The Democrats who rallied to Martin Van Buren's Free Soil Party in 1848 have been studied by Earle (2003). Their views on race occupied a wide spectrum, but they were able to fashion new and vital arguments against slavery and its expansion based on the Jacksonian Democracy's long-standing commitment to egalitarianism and hostility to centralized power. Linking their antislavery stance to a land-reform agenda that pressed for free land for poor settlers—realized by the Homestead Law of 1862—in addition to land free of slavery, Free Soil Democrats forced major political realignments in New York, New Hampshire, Massachusetts, and Ohio. Democratic politicians such as Wilmot, Marcus Morton, John Parker Hale, and even former president Van Buren were transformed into antislavery leaders. Many entered the new Republican party after 1854, bringing along Jacksonian ideas about property and political equality, helping transform antislavery from a struggling crusade into a mass political movement that came to power in 1860.
In his celebrated "House Divided" speech of June 1858, Abraham Lincoln charged that Senator Stephen A. Douglas, President James Buchanan, his predecessor, Franklin Pierce, and Chief Justice Roger B. Taney were all part of a plot to nationalize slavery, as allegedly proven by the Supreme Court's Dred Scott decision of 1857.
Other Republicans pointed to the violence in Kansas, the brutal assault on Senator Sumner, attacks upon the abolitionist press, and efforts to take over Cuba (Ostend Manifesto) as evidence that the Slave Power was violent, aggressive, and expansive.
The only solution, Republicans insisted, was a new commitment to free labor, and a deliberate effort to stop any more territorial expansion of slavery. Northern Democrats answered that it was all an exaggeration and that the Republicans were paranoid. Their Southern colleagues spoke of secession, arguing that the John Brown raid of 1859 proved that the Republicans were ready to attack their region and destroy their way of life.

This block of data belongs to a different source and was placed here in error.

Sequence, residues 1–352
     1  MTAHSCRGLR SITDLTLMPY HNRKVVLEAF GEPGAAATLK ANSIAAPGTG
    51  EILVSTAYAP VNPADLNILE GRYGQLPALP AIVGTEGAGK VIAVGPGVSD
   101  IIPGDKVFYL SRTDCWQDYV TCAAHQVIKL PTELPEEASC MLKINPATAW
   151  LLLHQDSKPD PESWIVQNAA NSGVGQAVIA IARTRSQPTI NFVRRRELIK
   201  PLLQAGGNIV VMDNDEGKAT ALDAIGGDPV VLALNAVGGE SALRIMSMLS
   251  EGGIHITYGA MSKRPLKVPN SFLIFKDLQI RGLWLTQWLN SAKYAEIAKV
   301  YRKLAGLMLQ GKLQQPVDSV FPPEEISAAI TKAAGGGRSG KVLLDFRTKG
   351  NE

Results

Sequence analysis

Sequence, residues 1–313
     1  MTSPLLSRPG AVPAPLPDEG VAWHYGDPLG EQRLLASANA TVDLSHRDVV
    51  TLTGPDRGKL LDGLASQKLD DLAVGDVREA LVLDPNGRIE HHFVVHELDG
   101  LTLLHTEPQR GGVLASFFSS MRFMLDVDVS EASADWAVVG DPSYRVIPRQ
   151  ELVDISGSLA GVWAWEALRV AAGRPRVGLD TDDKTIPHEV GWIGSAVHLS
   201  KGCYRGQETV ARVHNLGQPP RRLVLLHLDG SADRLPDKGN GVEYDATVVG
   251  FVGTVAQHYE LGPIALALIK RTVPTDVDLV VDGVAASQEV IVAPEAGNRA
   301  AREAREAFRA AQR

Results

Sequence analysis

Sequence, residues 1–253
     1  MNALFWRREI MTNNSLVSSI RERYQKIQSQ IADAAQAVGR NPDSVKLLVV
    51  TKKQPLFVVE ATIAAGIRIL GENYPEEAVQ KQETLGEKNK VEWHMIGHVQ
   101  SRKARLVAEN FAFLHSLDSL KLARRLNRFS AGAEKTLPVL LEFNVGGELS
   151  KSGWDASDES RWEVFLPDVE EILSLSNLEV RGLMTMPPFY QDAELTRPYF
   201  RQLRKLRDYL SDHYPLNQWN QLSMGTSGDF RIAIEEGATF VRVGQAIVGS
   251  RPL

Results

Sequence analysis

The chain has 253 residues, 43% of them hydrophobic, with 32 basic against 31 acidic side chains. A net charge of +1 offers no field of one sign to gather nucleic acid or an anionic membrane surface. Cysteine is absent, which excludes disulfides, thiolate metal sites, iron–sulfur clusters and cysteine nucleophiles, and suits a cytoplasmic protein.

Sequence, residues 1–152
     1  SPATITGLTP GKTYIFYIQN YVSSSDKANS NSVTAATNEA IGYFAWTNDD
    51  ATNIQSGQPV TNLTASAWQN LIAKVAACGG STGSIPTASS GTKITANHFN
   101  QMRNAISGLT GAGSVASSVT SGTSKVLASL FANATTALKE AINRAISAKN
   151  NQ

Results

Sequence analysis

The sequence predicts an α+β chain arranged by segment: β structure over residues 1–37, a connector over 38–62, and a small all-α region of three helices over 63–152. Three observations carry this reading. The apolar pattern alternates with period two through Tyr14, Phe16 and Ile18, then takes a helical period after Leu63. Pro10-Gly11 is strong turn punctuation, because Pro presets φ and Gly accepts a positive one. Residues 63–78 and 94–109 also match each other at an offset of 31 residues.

In congratulating President-elect Lincoln in 1860, Salmon P. Chase exclaimed, "The object of my wishes and labors for nineteen years is accomplished in the overthrow of the Slave Power", adding that the way was now clear "for the establishment of the policy of Freedom"—something that would come only after four destructive years of Civil War.
Jessie Fremont, the wife of the first Republican presidential candidate, wrote campaign poetry for the 1856 election. Grant says her poems bind the period's cult of domesticity to the new party's emerging ideology. Her poems suggested that Northerners who conciliated the Slave Power were spreading their own sterility, while virile men voting Republican were reproducing, through their own redemption, a future free West. The code of domesticity, according to Grant, thus helped these poems to define collective political action as building upon the strengths of free labor.
Historian Henry Brooks Adams (grandson of "Slave-Power" theorist John Quincy Adams) explained that the Slave Power was a force for centralization:
Between the slave power and states' rights there was no necessary connection. The slave power, when in control, was a centralizing influence, and all the most considerable encroachments on states' rights were its acts. The acquisition and admission of Louisiana; the Embargo; the War of 1812; the annexation of Texas "by joint resolution" [rather than treaty]; the war with Mexico, declared by the mere announcement of President Polk; the Fugitive Slave Law; the Dred Scott decision—all triumphs of the slave power—did far more than either tariffs or internal improvements, which in their origin were also Southern measures, to destroy the very memory of states' rights as they existed in 1789. Whenever a question arose of extending or protecting slavery, the slaveholders became friends of centralized power, and used that dangerous weapon with a kind of frenzy. Slavery in fact required centralization in order to maintain and protect itself, but it required to control the centralized machine; it needed despotic principles of government, but it needed them exclusively for its own use. Thus, in truth, states' rights were the protection of the free states, and as a matter of fact, during the domination of the slave power, Massachusetts appealed to this protecting principle as often and almost as loudly as South Carolina.